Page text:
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I know I bag on mountain bikers who only ride for PR's, it's not because I dislike speed. I just think they have no style. But I do like speed. I love driving fast, especially over winding mountain passes and twisting canyon roads. I like riding a road bike fast, especially on the Copper Triangle. When I was a Summit Stage driver I even drove a bus fast. Too fast.
As a bus driver I received several speed warnings. The police don't stop a bus, but they flash their lights at you and they might call into dispatch. If you're caught you can't deny it because there is only one bus going from each location at any given time.
But for me, the most thrilling sensation of speed comes with skiing. The feeling of the cold wind blowing past you. The sound of P-Tex chattering across hardpack. It is truly breathtaking. And it takes a special technique to go really fast. In a car you stay on the gas to go fast. On a mountain bike you stay off the brakes to go fast. But on skis, you stop turning.

Yeah, in skiing and snowboarding, controlling your direction and speed is all in making turns. The more turns you make, the less speed and more control you have. So what's the opposite of turning? Well that is called  straightlining.

To properly straightline as a skier, one must stand upright. No tucking, that's a dead give away that you are speeding. And it looks dumb.

When skiers point their pole tips up, they are indicating that they are skiing at the limits of their abilities and should be considered a danger. It's the same when you see a car driving with it's hazard lights on.

No, to properly straightline, one must look very sauve and confident. Feet together is fine if you're old school. I prefer feet shoulder width apart for a few reasons. One, because Shane McConkey said so. He also said helmets were cool. RIP Shane, love you man. Skis shoulder width apart give a more stable platform. I believe knees together was just style that has aged like milk. 

Another reason for a wider stance is for the visual effect of laying a figure 11. If I encounter an area with long fresh lines, like say, a traverse out on A Basin's East Wall.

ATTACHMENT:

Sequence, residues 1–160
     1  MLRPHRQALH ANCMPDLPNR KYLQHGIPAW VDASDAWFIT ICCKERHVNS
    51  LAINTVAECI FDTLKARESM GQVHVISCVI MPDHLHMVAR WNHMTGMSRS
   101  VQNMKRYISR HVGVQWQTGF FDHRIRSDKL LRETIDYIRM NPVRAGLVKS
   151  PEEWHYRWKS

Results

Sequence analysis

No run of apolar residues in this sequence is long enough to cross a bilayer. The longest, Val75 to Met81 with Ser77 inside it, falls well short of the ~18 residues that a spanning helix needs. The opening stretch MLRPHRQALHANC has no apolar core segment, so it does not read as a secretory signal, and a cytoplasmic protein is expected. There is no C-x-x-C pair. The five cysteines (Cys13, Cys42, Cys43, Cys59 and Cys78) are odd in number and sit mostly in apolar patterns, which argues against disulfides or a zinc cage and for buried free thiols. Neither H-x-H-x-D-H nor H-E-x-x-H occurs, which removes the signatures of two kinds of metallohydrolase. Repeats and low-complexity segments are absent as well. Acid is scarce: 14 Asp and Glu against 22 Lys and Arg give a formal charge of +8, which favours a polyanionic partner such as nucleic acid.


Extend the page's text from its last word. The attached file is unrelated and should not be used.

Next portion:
People riding up the Lenawee will look over and see the wall filling with everyone's version of powder turns. Some riders will lay their turns over another set to create figure 8's. None of the tracks are exceptionally interesting. Figure 8's are a nice aesthetic, but they aren't nearly as impressive as two unbroken parallel lines running straight down the fall line. Figure 8's honor the traditional skiing purists who founded Aspen and Vail. Figure 11's are  like two fingers from Sid Vicious.

This brings up correct arm placement. When you're coming down the East Wall you start building some real speed, even if the snow is fresh. Deep snow can add another challenge to straightlining. No one wants to straightline into a tomahawking rag doll scenario. To "control" speed I hold my arms out to my sides to try to create more wind resistance. It's really the only thing you can do once you commit to a top to bottom 11.

That's big mountain straightlining. On a trail is a different story. Holding your arms out is about as conspicuous as a tuck. When I'm on a groomed run I casually drop my hands down behind me. This stance is sleek but also non aggressive. You want to give off a vibe of "Who me? I'm just mellow cruising" when you straightline. If you're making a speed run it might also help to dress generically so you blend in with the crowd. Maybe don't have a big Cobra Kai patch.

At this point, you might think I'm advocating dangerous skiing habits. Hey if you want to ski fast why don't you race? I am completely against putting other skiers at risk. On-mountain collisions are a tragic and terrible event. *Knock wood* my only collision happened very early at my first ski area Catamount (current day ticket $61). I was night skiing, it was icy, I jumped over a roller and landed right behind a little kid half my size and half my speed. As I closed in on them I straddled their skis and gently scooped them up with me. This dissipated all the impact and the kid was startled but giggling.

It's terrifying, I would kill if a speeding rider hit one of my girls.

Strava says I have done 50mph, but.....what if she's not even on the mountain yet?

See, here's the thing, I believe under the proper circumstances straightlining can be done without putting any other riders in danger. You just gotta want it. I imagine this works the same at most mountains, but I really love the Corona run at Eldora it's a steep black diamond groomer, just begging for a straightline run.

Step one, be there for the rope drop. About 30 minutes before the lift opens, you gotta be in line with the hard cores. Sometimes I do single line, sometimes I just jump in with a group, it doesn't matter. And you don't need the first chair, just be within the first ten.

At the top, half of these riders will be skiing the front side, and half of the remainder will be snowboarders. Leave all these people behind and start skating the traverse towards Corona lift. Ski something fast like Wolf Tongue and you'll pass a few more skiers. Skid to a stop at Corona, thank the lifty for coming to work on this fine day and jump on the next chair.

Now you can see only 2 or 3 skiers ahead of you, and they are here for the same reason. Have your gear ready to go. At the top of Corona at least one of those people will stop to buckle their boots, shoot past them and GO. Now you are at the top of a steep groomed run with only one or two expert skiers ahead of you, all of you know what you're here for so pin it.


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